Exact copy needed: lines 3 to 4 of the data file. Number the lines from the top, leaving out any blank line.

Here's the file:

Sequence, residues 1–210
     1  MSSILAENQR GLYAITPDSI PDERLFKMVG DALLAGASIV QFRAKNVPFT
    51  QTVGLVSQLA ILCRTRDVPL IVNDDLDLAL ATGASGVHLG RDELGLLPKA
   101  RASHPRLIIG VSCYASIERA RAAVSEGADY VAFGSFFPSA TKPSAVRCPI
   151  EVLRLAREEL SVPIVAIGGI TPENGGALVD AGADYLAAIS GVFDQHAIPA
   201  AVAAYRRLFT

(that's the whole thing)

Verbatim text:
    51  QTVGLVSQLA ILCRTRDVPL IVNDDLDLAL ATGASGVHLG RDELGLLPKA
   101  RASHPRLIIG VSCYASIERA RAAVSEGADY VAFGSFFPSA TKPSAVRCPI